Coronavirus pandemic in the US

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9:26 a.m. ET, May 28, 2020

Trump claims there are "many different viewpoints" on wearing a mask, despite CDC saying otherwise

From Jason Hoffman

President Donald Trump holds a mask during a tour of the Ford Rawsonville Plant in Ypsilanti, Michigan, on May 21.
President Donald Trump holds a mask during a tour of the Ford Rawsonville Plant in Ypsilanti, Michigan, on May 21. Brendan Smialowski/AFP/Getty Images

President Trump tweeted that there are “So many different viewpoints!” on masks, retweeting an article making the spurious claim that masks are more about social control than public health.

The tweet Trump promotes also mentions presumptive Democratic nominee Joe Biden saying, “Image of Biden in black mask endorses culture of silence, slavery, and social death.” 

Some background: The President has resisted wearing a mask throughout the pandemic, and the issue has turned into a political and cultural flashpoint. Trump has mocked Biden for wearing a mask multiple times and ignored guidance from the CDC and the coronavirus task force that Americans should wear a face covering.  

Responding to the President’s attacks towards him, Joe Biden said, “He's a fool, an absolute fool to talk that way. I mean every leading doc in the world is saying you should wear a mask when you're in a crowd."  

Dr. Anthony Fauci implored Americans to wear masks in an interview on CNN Wednesday. 

"I want to protect myself and protect others, and also because I want to make it be a symbol for people to see that that's the kind of thing you should be doing," Fauci, the nation's top infectious disease expert and a member of the White House's coronavirus task force said.

Fauci said he believes that while wearing a mask is not "100% effective," it is a valuable safeguard and shows "respect for another person."

9:19 a.m. ET, May 28, 2020

Orlando mayor says Disney and other theme parks have gone "extra mile" to open safely

From CNN's Deanna Hackney

Orlando, Florida, Mayor Jerry Demings said major theme parks like Disney World, that plan to reopen in mid-July, have demonstrated they “have gone the extra mile” to ensure they can open safely. 

Demings, as mayor, has approved reopening plans from Disney World, SeaWorld and Universal Studios.

The plans include wearing masks and maintaining social distance, but Demings told CNN on Thursday that he couldn't guarantee it would be enough to keep people safe.

“Well I can’t guarantee that,” Demings said. “But we have a high probability that the likelihood that they can contact or contract the virus has been reduced because of the various sanitary measures that have been put in place.”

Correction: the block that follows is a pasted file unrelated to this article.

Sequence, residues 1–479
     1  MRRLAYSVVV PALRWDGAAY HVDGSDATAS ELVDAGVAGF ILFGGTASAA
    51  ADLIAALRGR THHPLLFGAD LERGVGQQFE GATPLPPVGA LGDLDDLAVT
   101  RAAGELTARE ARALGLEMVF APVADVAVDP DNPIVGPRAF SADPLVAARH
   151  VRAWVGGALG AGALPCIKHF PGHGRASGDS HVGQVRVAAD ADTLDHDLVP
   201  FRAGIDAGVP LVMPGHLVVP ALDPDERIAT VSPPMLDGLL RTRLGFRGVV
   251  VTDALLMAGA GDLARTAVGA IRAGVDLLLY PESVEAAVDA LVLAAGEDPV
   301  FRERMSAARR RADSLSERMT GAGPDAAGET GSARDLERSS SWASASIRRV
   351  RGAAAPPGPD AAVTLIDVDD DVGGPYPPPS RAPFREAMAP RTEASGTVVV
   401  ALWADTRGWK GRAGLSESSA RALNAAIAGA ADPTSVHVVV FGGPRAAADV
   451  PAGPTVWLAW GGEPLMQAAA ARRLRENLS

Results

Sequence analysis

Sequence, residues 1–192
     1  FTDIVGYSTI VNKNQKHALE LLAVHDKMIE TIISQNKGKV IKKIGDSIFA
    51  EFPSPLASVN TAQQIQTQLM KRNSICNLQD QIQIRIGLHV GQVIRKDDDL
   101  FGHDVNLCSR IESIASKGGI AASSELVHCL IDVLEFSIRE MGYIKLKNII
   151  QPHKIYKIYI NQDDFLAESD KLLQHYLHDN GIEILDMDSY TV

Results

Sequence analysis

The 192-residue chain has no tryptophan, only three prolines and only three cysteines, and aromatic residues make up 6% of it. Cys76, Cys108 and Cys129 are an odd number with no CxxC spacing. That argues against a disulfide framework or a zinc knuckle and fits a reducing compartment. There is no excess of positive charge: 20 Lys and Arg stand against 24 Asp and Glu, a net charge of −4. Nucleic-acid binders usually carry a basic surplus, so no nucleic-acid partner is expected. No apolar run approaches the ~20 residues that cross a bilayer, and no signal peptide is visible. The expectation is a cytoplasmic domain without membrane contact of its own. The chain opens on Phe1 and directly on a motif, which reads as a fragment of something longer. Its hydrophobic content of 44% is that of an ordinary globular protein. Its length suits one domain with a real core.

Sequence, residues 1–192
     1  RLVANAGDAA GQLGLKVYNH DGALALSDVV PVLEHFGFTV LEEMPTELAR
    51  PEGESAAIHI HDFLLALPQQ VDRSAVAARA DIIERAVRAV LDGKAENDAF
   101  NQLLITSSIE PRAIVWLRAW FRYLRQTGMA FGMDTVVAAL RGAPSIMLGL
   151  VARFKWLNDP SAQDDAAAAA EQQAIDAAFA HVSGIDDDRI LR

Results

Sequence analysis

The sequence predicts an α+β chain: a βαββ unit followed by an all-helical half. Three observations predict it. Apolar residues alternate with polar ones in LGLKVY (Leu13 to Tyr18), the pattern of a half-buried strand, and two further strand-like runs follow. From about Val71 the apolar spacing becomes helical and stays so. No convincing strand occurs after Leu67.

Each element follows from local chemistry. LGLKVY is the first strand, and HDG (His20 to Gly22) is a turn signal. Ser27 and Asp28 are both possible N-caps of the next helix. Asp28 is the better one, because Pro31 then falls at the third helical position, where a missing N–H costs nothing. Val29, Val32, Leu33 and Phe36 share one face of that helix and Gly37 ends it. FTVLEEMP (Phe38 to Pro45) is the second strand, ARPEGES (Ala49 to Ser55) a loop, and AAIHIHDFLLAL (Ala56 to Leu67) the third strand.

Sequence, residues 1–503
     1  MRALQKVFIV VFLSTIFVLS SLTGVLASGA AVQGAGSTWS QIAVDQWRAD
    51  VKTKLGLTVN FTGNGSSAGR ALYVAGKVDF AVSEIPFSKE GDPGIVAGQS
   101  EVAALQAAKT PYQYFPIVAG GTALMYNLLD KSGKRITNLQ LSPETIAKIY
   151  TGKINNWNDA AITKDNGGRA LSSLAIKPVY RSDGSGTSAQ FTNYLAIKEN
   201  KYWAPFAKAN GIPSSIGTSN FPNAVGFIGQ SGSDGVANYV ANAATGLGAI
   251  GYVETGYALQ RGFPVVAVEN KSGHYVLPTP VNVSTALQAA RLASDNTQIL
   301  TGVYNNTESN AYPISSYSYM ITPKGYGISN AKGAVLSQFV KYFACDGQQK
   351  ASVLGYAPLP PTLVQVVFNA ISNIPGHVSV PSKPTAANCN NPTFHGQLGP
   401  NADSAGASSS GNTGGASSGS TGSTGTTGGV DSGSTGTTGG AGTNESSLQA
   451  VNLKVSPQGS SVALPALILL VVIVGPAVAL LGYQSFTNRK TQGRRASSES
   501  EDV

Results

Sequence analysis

Orlando has a 2.8% positivity rate for Covid-19 according to Demings, which he says is about half of what it is in the rest of the state.

He attributes this to the city’s decision to adopt social distancing protocols early on, and also to Disney World’s decision to shut down in mid-March as the nation’s largest single site employer. 

9:19 a.m. ET, May 28, 2020

White House responds to why President Trump has not yet acknowledged 100,000 US death toll

From CNN's Jeremy Diamond 

President Donald Trump walks across the South Lawn of the White House on May 21.
President Donald Trump walks across the South Lawn of the White House on May 21. Mandel Ngan/AFP/Getty Images

Asked why President Donald Trump has not yet acknowledged the milestone of 100,000 coronavirus deaths in the US, deputy White House press secretary Judd Deere said, “President Trump’s prayers for comfort and strength are with all of those grieving the loss of a loved one or friend.”

“His message to this great Nation remains one of resilience, hope and optimism. The American people have always been strong and resilient, and the President is proud of their spirit, courage and determination every single day to defeat this virus,” Deere said in a statement. 

A White House official also said the President has talked about the “grave loss of life” many times before and noted that the President referenced the losses Americans have suffered during his Memorial Day remarks.

”He lowered the flags over the weekend as a mark of tribute and honor to all those lost,” the official added.

”While yes, we do mourn the loss of life, we must also celebrate the hundreds of thousands of lives that have been saved. Projections showed that if we had taken no mitigation action, there could have been up to 2.5 million dead Americans,” the official said, echoing a line from the President.

Meanwhile, Trump has spent his morning airing personal grievances on Twitter as he remains silent on the US passing the grim milestone.

9:23 a.m. ET, May 28, 2020

Biologist says you should stay further than 6 feet away indoors

From CNN's Jamie Gumbrecht